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Article
December 1974

Enteropathogenic Escherichia coli Infection in a Newborn Nursery

Author Affiliations

From the Bacterial Diseases Division, Bureau of Epidemiology, Center for Disease Control, Atlanta (Drs. Kaslow and Taylor, and Ms. Steele); and the University of Alabama, Birmingham (Drs. Dweck, Bobo, and Cassady). Dr. Kaslow is now with the Children's Hospital Medical Center, Boston.

Am J Dis Child. 1974;128(6):797-801. doi:10.1001/archpedi.1974.02110310045007
Abstract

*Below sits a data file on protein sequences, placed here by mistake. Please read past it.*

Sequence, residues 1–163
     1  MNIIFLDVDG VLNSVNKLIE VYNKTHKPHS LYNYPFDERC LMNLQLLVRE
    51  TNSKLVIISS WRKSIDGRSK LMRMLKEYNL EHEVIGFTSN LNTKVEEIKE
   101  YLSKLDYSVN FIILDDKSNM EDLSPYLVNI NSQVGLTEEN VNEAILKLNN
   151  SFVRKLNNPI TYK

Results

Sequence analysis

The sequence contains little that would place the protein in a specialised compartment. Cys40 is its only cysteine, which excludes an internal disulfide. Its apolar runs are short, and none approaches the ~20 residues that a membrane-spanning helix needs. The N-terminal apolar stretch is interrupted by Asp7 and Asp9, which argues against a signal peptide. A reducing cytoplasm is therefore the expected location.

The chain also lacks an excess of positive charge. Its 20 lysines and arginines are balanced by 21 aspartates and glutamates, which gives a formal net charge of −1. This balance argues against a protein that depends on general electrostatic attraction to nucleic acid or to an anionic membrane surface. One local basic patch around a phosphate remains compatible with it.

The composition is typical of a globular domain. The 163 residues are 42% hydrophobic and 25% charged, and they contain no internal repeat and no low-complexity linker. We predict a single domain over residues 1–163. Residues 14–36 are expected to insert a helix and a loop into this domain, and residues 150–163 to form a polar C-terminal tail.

An outbreak of mild gastroenteritis due to enteropathogenic Escherichia coli 0128: B12 developed in a complex of university hospital nurseries. At least 24 infants were infected with the strain in the 22 days between admission of the index case and initiation of measures to control the outbreak. There were no deaths, disease was mild, and clinically inapparent infection was frequently found. The outbreak abated abruptly after institution of strict aseptic technique, temporary reorganization of the nurseries, and administration of neomycin sulfate to all infants from the newborn nursery in the epidemic cohort.

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